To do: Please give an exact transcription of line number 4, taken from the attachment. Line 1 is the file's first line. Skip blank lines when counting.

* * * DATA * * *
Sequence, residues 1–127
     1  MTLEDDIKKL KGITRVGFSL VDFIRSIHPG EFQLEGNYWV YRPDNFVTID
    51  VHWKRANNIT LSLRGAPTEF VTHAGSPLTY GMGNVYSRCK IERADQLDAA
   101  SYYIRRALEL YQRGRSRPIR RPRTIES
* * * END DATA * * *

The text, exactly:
   101  SYYIRRALEL YQRGRSRPIR RPRTIES